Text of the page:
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Primary sources can offer first-hand evidence that supports your research and helps you identify questions to delve into it.

A primary source is a piece of information about an event or historical period that was created at the same time as the event itself. Its purpose is to capture the words, thoughts, and feelings of the past. Primary sources help you understand what happened and why it happened.

Primary sources are not just books. They can be any written document or actual elements created during a historical period. Some examples are

Letters

Journal entries

Maps

Official records, such as birth certificates or marriage licenses

Personal items, such as clothing, tools, or coins

Primary Sources vs Secondary Sources

It can be difficult to identify a primary and a secondary source. Most people experience it often, especially when writing research papers, assignments, or journal articles. Finding the right source is the most important factor when it comes to citing information from different sources. So how can a writer determine which source is best for a particular project? Distinguishing between secondary and primary sources should not be a problem for the reader after having reviewed the following points.

Primary sources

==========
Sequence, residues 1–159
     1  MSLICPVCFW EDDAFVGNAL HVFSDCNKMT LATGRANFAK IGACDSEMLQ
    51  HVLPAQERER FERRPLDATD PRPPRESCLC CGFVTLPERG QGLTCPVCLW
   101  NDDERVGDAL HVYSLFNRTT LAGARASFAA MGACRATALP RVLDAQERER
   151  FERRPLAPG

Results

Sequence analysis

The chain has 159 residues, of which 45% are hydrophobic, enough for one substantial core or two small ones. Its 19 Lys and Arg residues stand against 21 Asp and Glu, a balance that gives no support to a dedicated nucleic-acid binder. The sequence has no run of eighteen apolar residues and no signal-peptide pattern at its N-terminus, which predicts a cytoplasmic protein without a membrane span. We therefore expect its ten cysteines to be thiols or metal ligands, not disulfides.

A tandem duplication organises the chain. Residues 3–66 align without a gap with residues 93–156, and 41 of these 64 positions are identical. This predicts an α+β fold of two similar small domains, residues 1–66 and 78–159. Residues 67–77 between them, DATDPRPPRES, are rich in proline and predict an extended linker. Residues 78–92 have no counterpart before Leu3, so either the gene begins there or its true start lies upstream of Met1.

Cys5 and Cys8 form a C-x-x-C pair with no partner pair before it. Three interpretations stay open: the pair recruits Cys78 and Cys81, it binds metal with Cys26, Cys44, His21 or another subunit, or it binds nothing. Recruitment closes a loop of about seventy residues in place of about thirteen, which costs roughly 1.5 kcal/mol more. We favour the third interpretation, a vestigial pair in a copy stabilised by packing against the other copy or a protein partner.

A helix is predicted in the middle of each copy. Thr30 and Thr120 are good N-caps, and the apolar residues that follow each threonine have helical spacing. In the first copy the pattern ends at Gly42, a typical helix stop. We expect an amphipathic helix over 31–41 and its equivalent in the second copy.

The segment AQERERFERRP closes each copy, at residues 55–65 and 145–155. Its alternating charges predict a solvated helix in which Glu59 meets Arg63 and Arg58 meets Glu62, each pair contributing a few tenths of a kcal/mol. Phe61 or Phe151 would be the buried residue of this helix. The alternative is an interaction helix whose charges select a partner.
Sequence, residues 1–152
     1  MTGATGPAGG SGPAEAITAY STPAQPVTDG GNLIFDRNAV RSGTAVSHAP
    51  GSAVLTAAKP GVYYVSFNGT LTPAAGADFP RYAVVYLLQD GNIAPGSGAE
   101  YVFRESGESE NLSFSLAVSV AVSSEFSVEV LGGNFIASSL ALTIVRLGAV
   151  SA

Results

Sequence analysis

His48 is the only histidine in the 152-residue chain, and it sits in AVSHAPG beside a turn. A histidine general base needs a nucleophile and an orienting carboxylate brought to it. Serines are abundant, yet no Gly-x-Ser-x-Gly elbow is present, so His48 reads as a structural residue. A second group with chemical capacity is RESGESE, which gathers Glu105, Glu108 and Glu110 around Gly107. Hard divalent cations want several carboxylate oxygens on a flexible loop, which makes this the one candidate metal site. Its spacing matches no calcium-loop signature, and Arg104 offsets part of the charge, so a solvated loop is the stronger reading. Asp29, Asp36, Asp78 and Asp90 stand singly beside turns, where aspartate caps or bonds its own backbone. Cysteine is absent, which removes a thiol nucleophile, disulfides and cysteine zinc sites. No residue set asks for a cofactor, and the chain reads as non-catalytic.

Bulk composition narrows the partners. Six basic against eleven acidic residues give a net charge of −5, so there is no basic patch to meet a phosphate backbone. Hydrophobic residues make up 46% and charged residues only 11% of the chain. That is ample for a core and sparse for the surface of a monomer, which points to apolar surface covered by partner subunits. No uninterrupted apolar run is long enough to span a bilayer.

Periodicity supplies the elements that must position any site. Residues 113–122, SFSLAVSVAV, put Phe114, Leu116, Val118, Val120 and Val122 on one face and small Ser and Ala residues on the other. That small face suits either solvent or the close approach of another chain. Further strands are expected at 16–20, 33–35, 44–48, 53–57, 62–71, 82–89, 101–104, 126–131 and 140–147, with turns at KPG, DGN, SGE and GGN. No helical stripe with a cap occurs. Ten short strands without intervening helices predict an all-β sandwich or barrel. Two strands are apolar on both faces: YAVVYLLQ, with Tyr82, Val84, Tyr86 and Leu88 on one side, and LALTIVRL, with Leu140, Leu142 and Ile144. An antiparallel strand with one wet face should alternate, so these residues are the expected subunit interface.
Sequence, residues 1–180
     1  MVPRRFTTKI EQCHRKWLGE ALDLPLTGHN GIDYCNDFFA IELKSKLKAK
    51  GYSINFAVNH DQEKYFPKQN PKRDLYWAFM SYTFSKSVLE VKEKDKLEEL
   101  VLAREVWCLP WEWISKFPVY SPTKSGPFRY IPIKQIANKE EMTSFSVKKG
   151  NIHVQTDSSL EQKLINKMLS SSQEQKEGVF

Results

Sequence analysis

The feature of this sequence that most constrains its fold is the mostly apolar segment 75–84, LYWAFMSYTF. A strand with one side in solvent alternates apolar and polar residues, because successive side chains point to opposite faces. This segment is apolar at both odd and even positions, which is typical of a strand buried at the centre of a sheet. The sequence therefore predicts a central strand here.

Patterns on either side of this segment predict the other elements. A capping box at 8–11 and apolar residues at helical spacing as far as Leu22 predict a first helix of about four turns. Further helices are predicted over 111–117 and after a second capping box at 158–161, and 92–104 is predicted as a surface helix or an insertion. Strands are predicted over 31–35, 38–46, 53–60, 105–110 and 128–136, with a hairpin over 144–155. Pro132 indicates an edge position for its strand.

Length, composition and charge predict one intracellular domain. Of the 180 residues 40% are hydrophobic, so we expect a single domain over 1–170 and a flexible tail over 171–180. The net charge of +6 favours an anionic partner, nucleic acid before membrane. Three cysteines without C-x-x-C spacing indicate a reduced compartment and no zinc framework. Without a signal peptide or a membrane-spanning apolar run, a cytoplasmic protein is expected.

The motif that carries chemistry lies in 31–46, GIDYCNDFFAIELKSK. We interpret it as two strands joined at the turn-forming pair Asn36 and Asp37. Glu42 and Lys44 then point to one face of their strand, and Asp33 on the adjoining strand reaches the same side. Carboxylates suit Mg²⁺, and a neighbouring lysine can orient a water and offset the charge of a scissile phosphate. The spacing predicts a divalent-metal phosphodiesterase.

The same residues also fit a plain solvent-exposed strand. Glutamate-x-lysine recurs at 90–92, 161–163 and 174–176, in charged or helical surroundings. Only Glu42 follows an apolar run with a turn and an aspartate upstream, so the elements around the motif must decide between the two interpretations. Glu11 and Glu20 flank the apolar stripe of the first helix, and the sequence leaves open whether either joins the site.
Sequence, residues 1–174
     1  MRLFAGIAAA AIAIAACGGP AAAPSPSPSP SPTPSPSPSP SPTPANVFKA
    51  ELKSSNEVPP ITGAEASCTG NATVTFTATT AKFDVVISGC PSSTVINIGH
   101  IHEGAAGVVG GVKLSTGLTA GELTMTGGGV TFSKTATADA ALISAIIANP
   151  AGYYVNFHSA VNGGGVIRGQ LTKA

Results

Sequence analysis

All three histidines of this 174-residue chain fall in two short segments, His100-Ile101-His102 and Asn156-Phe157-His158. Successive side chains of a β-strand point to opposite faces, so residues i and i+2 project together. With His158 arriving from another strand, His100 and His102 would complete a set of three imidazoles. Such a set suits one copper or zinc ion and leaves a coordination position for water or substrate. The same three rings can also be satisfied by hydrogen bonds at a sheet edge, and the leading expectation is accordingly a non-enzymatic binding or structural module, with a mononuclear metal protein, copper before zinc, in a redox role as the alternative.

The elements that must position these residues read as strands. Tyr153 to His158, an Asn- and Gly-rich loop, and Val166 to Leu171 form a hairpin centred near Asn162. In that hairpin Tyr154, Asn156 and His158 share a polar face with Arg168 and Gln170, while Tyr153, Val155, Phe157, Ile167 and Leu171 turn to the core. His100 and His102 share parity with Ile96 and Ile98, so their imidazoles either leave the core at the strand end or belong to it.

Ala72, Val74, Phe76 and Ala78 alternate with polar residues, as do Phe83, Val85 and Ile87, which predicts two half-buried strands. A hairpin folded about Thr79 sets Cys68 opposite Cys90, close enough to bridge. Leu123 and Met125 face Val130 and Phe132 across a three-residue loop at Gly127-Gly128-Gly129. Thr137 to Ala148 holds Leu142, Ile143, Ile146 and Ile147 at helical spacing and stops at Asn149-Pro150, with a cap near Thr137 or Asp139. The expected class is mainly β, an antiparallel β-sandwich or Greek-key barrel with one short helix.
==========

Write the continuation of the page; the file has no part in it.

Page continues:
These are materials that have not been interpreted by someone else. Thus, they are original documents or works created at or near the time of an event. Primary sources provide first-hand accounts of experiences or events. Information is usually presented in its original form, whether it is a work of literature or art, or an account of an event or experience, or original documents or research products such as interviews, speeches, questionnaires, letters, diaries, manuscripts, memoirs, etc. It includes books, periodicals, and websites.

Primary fuentas can be searched using the following techniques:

Online and printed search through the catalog of the Libraries.

Through the library databases.

Free primary sources on the Internet.

Through search engines such as WorldCat.

Secondary sources

Secondary sources provide second-hand accounts of events. These sources include materials that have been reported, analyzed, or interpreted by individuals who have no first-hand knowledge of an event and can be found in books or periodicals, or on websites.